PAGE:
Recounting his former days at Sega, when the Japanese corporation was pushing its Sega Saturn gaming console, Gerson said that "if we had had 8 million units, everybody would've been doing cartwheels down the hall."

Adding in the coronavirus pandemic's boost for VR demand, Jefferson suggested "this is perhaps an inflection point where it breaks open to a larger audience."

Many observers will roll their eyes at that, having heard such proclamations before that failed to deliver.

"Certainly, the promise of VR was expected to arrive earlier than it has," media analyst Peter Csathy told dot.LA.

Ball underscored VR's continual overexuberance by noting that ABI Research, a market research firm, forecasted in 2017 that annual VR revenue in 2021 would be $65B. In 2020, however, the company significantly lowered its outlook, forecasting $25 billion in VR revenue in 2024.

"Imagine how many VR-related start-up decks had that totally baseless, inane 2017 estimate," Ball wrote.

Others are less kind. Media analyst Dan Rayburn flatly calls VR "a fad."

Stepping Back to Build a Broader Universe

Looking back, Survios' Gerson said the VR investment market made two key mistakes.

One is a misunderstanding of how much it costs to make a high-quality VR game. Gerson said VR development is far more complex than, say, mobile games; it can take over 100 developers to make a premium VR experience. "If you don't give the team the funding and the time, they can't build that experience," he said.

Gerson said VR boosters were also mistaken in expecting VR's adoption curve to resemble the exponential growth of smartphones. Instead, he said, VR adoption has been and will likely continue to be more linear, "like color TV."

Tuong Nguyen, media analyst at research firm Gartner, wrote in May that immersive technology (VR and AR) "is still three to eight years from the early majority adoption. In other words, it's in the adolescent stage."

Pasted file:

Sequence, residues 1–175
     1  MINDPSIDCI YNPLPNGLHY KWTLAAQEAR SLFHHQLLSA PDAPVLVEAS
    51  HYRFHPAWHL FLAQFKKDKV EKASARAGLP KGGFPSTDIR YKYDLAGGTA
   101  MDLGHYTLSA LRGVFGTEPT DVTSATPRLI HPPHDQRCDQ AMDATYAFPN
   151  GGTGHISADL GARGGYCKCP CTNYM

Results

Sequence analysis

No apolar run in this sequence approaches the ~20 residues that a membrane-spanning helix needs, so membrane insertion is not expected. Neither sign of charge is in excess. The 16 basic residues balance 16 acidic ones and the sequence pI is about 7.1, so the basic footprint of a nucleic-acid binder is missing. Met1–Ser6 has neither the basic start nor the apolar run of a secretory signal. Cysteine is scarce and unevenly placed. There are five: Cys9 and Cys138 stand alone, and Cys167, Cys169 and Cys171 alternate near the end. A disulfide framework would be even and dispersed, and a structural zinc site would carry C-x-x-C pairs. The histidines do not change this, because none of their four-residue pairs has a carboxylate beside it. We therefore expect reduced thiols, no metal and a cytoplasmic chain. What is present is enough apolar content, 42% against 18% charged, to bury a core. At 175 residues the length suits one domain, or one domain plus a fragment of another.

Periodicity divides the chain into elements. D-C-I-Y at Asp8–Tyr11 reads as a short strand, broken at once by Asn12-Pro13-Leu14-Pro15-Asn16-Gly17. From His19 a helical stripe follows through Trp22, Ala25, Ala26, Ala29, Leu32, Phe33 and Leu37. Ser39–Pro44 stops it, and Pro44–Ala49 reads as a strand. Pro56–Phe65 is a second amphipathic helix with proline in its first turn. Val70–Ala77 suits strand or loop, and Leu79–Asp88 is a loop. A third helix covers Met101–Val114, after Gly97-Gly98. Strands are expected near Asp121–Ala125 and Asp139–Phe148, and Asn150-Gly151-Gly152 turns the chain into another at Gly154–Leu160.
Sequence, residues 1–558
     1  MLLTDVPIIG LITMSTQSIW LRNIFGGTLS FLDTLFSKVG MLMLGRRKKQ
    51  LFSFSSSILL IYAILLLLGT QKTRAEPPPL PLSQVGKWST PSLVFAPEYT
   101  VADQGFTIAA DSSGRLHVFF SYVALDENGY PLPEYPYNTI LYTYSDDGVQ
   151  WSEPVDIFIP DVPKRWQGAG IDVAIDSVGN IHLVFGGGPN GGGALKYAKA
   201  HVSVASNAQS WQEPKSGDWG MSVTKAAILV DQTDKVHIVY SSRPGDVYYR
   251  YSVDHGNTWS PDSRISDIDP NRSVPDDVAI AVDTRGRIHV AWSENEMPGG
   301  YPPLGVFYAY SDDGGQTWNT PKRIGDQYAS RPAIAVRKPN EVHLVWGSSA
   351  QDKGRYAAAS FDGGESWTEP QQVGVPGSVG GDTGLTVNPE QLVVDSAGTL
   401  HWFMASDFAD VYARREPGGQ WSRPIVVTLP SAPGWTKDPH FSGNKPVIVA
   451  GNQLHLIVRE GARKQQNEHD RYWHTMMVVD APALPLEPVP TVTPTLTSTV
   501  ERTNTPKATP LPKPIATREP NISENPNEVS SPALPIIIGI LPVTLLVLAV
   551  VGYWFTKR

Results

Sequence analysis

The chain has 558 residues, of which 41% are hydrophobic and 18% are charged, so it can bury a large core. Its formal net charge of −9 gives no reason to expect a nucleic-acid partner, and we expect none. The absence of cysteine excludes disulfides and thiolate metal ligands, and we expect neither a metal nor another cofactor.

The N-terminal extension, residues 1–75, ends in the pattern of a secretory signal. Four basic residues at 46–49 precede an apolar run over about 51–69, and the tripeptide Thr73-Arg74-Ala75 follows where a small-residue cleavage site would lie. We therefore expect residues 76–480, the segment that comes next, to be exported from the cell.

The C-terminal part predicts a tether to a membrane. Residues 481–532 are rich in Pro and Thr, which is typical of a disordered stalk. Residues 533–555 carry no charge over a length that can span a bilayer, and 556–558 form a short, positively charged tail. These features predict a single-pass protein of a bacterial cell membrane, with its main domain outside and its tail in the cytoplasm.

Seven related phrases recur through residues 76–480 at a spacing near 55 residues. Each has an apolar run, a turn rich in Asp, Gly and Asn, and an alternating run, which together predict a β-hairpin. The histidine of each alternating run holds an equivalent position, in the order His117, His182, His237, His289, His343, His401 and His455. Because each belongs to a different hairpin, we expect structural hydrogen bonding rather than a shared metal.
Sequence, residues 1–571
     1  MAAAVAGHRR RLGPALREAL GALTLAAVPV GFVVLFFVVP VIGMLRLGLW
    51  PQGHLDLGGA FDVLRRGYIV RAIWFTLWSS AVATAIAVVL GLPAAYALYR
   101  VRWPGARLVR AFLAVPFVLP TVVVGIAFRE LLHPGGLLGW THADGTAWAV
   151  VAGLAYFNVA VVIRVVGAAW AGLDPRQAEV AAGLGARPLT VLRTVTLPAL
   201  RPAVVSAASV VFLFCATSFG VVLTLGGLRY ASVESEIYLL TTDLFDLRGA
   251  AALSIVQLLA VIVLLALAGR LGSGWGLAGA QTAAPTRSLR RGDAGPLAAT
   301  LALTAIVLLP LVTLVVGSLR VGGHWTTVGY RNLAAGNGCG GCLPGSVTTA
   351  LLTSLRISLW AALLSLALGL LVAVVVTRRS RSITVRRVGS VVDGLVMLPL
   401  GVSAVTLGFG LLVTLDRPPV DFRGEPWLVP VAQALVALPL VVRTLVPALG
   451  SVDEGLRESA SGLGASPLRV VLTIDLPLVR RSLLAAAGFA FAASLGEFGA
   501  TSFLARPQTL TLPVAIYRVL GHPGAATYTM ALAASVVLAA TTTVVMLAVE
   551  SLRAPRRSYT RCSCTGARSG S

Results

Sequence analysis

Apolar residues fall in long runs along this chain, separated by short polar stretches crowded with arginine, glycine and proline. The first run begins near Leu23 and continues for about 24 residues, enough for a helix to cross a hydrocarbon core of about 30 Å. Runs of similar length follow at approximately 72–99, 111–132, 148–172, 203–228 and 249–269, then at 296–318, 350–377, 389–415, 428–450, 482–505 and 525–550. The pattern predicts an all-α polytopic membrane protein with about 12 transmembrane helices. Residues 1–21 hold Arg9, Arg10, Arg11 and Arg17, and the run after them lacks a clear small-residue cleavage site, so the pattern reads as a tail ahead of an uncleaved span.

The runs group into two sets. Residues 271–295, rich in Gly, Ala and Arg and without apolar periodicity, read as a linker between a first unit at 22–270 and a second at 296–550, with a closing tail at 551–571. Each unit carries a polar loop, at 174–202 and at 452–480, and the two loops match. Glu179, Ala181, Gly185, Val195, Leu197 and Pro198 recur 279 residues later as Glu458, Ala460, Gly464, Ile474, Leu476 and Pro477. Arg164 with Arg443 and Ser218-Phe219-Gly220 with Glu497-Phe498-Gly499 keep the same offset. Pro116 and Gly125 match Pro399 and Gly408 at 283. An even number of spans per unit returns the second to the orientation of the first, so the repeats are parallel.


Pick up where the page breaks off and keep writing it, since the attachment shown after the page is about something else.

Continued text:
Still, "calling VR 'a fad' is like being negative on the internet," he told dot.LA.

Nguyen wrote that past VR efforts have lacked a viable strategy for reaching consumers. In contrast, businesses have more quickly adopted VR for some applications, like training. But the consumer market remains the larger prize.

In this sense, Survios' effort to meet the consumer where they're at by expanding beyond VR could be a prudent move.

Gerson still believes that VR is the future. He called it the "ultimate iteration" of the metaverse – the parallel digital universe first conceived by science fiction writer Neal Stephenson that is part and parcel of Sweeney's no-barriers vision of the gaming world.

Representatives at market research firm Parks Associates agree with that view.

"2020 has been a good year for virtual reality adoption in the United States," research analyst Kristen Hanich told dot.LA. "With VR headset adoption reaching a critical mass among gamers, and increasing releases of built-for-VR games to the market, the VR market is poised to finally break out."

That vision is firmly in mind at Survios.

The company wouldn't provide specifics on its product roadmap, but Jefferson did say Survios' plans "allow us to edge closer to enabling cross-reality immersion."

"We've built a whole suite of tools...and our goal is to build worlds and allow our customers to participate in those worlds using any platform they want," Gerson said.

For now, Survios will simultaneously focus on adapting to the slower adoption of VR while preparing for a future where it is more widespread.

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Sam Blake primarily covers entertainment and media for dot.LA. Find him on Twitter @hisamblake and email him at samblake@dot.LA